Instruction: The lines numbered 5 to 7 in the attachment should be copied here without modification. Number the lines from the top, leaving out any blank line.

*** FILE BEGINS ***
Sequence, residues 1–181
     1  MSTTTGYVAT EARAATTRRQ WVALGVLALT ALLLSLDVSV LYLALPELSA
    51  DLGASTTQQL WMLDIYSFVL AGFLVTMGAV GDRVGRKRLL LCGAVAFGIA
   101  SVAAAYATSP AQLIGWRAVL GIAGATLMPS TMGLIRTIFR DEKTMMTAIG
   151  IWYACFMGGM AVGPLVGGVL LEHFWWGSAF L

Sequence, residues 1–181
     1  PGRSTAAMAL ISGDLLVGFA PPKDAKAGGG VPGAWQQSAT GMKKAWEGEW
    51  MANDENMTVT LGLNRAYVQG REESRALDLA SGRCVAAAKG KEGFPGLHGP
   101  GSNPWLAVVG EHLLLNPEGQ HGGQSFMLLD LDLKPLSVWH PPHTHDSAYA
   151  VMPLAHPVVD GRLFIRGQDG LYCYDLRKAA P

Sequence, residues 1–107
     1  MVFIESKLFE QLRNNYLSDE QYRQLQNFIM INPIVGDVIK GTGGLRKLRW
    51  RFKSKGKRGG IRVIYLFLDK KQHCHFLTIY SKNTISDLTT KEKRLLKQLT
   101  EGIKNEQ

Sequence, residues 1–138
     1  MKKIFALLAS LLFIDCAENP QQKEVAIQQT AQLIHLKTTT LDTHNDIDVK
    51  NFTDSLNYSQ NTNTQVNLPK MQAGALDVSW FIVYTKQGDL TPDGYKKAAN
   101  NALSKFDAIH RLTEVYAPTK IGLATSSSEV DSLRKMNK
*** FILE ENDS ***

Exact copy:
   151  IWYACFMGGM AVGPLVGGVL LEHFWWGSAF L

Sequence, residues 1–181
     1  PGRSTAAMAL ISGDLLVGFA PPKDAKAGGG VPGAWQQSAT GMKKAWEGEW